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Then fast the mother's tears did seek
X. All loose her negligent attire,
All loose her golden hair, Hung Margaret o'er her slaughtered sire,
And wept in wild despair.
Had filial grief supplied;
Had lent their mingled tide:
Her lover, 'gainst her father's clan,
When Mathouse-burn to Melrose ran,
And well she knew, her mother dread,
Before Lord Cranstoun she should wed,
Would see her on her dying bed.
Of noble race the Ladye came;Her father was a clerk of fame,
Of Bethune's line of Picardie: He learned the art, that none may name,
In Padua, far beyond the sea.
By feat of magic mystery;
St Andrew's cloistered hall,
And of his skill, as bards avow,
He taught that Ladye fair,
The viewless forms of air.
And listens to a heavy sound,
That moans the mossy turrets round.
Is it the roar of Teviot's tide,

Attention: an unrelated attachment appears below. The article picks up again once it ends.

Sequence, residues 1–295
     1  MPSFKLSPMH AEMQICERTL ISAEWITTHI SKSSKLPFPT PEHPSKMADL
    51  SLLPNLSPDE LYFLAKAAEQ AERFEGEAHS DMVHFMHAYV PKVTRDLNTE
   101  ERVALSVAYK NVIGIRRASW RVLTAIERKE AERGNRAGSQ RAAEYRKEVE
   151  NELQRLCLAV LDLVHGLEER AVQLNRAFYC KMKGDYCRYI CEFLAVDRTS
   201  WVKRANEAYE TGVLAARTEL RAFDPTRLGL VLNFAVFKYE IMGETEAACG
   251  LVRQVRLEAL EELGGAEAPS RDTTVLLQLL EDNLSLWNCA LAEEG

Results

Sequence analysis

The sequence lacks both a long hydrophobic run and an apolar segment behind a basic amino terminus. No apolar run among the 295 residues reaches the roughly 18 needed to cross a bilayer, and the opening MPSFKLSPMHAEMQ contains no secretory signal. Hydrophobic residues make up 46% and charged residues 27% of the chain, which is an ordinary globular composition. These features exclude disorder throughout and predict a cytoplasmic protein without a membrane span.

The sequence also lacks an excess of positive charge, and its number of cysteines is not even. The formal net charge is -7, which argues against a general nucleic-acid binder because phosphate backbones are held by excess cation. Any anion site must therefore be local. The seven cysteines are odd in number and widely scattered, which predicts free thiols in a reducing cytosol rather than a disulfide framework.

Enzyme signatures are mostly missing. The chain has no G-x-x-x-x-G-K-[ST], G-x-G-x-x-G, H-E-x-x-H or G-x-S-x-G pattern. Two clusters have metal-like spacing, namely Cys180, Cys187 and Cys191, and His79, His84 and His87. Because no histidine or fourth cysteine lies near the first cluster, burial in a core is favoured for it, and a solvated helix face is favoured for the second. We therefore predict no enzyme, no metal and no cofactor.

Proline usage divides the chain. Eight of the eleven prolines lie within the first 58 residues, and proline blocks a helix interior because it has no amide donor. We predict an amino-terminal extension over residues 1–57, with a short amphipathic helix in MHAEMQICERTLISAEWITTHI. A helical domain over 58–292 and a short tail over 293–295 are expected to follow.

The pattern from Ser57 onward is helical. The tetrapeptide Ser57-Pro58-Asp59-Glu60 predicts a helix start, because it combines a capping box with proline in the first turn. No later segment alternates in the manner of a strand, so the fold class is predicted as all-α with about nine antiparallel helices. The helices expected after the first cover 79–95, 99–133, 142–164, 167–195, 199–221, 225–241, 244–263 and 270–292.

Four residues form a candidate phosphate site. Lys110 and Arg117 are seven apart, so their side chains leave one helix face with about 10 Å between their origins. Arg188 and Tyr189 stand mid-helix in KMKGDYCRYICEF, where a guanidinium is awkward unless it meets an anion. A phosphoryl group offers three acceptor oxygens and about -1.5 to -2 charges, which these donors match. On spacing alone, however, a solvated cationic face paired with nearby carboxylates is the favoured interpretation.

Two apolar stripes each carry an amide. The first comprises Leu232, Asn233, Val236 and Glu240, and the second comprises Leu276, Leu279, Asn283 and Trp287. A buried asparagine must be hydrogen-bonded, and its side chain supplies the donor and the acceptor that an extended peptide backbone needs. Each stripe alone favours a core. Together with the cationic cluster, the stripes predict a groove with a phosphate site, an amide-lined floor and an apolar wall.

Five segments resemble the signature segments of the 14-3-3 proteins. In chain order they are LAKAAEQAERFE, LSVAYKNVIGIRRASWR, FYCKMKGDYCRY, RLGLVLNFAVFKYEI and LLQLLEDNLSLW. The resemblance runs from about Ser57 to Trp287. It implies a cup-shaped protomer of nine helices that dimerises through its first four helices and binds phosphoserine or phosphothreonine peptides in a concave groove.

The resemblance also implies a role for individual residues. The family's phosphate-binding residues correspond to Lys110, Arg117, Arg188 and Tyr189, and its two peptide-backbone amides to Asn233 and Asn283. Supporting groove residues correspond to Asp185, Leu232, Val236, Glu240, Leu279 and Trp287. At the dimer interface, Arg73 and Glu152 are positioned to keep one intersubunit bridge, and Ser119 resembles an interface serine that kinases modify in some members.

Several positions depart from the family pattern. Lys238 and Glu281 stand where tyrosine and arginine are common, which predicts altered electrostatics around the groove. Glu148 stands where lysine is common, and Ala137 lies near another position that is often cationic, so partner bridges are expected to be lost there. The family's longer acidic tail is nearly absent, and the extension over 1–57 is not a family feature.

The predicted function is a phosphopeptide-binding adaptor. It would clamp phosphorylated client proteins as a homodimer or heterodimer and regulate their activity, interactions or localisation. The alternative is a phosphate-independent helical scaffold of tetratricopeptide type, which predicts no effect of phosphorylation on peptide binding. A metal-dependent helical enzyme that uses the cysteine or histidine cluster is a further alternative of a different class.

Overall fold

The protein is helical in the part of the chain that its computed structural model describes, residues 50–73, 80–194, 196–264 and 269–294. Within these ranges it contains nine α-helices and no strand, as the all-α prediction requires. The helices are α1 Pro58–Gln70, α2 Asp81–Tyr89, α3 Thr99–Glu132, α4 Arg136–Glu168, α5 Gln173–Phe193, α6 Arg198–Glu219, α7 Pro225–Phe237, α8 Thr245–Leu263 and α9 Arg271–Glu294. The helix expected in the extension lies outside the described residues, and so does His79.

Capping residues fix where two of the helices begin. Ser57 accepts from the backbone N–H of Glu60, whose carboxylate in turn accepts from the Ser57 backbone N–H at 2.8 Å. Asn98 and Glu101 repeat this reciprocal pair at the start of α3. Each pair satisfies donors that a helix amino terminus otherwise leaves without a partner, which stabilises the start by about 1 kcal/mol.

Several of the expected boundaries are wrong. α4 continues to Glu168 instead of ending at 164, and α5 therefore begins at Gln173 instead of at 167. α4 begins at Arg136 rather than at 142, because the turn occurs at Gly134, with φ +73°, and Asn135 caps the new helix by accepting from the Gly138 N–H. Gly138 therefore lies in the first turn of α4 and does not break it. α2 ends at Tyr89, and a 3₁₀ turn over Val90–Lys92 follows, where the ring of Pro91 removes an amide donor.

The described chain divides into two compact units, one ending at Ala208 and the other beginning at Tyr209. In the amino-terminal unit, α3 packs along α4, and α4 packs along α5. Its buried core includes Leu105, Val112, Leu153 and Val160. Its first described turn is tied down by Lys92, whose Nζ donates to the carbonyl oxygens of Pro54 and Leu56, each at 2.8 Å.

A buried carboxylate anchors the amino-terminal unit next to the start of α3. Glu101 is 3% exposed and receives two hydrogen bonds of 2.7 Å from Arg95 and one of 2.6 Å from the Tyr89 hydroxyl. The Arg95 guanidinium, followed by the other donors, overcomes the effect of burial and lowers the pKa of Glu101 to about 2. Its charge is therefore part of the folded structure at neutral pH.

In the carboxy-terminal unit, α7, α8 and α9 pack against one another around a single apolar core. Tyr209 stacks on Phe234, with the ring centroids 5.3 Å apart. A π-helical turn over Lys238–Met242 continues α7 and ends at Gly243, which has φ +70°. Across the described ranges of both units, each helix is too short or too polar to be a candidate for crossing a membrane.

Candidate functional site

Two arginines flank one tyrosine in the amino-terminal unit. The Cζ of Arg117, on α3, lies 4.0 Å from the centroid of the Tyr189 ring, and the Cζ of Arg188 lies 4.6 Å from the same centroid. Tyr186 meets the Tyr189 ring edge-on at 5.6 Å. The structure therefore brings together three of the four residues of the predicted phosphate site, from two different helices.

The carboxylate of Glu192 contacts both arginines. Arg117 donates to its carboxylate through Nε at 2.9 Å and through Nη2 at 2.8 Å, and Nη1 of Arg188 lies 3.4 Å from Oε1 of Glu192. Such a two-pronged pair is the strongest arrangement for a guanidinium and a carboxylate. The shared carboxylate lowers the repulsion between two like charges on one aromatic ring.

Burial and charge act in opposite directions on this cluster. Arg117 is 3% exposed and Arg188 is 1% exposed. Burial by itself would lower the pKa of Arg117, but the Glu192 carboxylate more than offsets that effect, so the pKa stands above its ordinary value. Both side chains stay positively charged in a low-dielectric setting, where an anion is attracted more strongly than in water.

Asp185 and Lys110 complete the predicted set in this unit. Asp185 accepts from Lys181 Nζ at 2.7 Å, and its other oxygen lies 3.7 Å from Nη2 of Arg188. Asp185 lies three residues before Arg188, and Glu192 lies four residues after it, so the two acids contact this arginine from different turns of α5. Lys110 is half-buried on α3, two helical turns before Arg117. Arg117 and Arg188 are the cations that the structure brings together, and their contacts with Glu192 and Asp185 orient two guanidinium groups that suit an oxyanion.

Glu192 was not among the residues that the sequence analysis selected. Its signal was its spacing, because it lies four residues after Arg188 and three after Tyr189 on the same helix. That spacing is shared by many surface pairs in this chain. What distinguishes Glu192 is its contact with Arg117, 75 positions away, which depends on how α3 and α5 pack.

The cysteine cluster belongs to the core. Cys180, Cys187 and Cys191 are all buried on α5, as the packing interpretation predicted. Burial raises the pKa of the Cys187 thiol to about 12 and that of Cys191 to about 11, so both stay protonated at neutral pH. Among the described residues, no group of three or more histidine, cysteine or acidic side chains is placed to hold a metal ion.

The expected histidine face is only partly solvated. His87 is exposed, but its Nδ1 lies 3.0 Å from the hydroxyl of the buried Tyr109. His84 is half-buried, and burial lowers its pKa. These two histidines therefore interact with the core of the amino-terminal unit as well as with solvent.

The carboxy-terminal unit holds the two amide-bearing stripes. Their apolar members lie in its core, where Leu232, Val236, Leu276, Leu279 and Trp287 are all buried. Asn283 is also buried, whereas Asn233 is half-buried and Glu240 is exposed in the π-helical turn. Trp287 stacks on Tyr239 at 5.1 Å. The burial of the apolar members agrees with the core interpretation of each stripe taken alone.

That chafes against the scaur's * red side?
Is it the wind, that swings the oaks?Is it the echo from the rocks fWhat may it be, the heavy sound, That moans old Branksome's turrets round?
At the sullen, moaning sound,
The ban-dogs bay and howl;
Loud whoops the startled owl.
Swore that a storm was near,
But the night was still and clear!
* Scaur, a precipitous bank of earth.
From the sound of Teviot's tide,
The Ladye knew it well!
And he called on the Spirit of the Fell.
XV. Stiber Spirit. "Sleep'st thou, brother!"
—" Brother, nay—
To aerial minstrelsy,
Up, and mark their nimble feet!
Mourns beneath the moon's pale beam.
XVII. fountain Spirit. "Arthur's slow wain his course doth roll, In utter darkness round the pole; The Northern Bear lowers black and grim; Orion's studded belt is dim;